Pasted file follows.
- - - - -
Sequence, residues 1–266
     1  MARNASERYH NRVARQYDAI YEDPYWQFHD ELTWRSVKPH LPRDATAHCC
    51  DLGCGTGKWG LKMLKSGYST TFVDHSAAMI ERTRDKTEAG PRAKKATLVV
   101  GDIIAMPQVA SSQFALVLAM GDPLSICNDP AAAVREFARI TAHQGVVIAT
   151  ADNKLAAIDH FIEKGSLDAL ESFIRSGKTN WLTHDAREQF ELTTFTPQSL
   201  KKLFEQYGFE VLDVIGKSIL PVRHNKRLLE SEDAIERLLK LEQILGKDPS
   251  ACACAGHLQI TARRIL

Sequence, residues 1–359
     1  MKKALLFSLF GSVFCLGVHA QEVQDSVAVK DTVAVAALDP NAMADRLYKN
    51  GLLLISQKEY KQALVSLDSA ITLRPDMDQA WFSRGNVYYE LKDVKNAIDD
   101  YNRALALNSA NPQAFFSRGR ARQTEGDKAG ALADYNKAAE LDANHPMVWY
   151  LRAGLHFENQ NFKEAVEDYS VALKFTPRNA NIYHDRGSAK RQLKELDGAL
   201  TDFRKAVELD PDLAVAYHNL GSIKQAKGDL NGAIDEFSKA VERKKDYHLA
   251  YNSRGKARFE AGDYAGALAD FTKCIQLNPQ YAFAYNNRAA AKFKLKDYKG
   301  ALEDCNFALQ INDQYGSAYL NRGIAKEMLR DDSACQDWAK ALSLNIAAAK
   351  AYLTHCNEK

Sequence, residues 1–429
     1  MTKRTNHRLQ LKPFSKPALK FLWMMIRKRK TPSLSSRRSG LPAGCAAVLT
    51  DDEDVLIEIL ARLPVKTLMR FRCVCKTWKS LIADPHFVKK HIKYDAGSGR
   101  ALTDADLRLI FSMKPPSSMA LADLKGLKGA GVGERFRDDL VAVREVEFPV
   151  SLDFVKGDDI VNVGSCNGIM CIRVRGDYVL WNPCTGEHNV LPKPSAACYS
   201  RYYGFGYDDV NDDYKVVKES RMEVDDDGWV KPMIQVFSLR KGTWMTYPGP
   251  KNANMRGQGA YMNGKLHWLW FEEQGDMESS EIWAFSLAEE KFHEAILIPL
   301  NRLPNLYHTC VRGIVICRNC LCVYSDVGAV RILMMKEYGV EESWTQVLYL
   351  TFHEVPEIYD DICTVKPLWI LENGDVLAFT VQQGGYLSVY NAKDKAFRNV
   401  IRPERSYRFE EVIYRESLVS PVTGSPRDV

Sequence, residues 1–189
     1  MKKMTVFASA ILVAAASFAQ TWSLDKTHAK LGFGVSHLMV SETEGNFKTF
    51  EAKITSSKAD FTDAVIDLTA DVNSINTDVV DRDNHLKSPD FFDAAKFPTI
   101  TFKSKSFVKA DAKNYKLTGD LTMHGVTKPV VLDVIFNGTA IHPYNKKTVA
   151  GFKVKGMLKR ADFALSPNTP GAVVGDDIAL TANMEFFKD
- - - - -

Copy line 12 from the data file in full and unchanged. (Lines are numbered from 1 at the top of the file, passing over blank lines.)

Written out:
   151  LRAGLHFENQ NFKEAVEDYS VALKFTPRNA NIYHDRGSAK RQLKELDGAL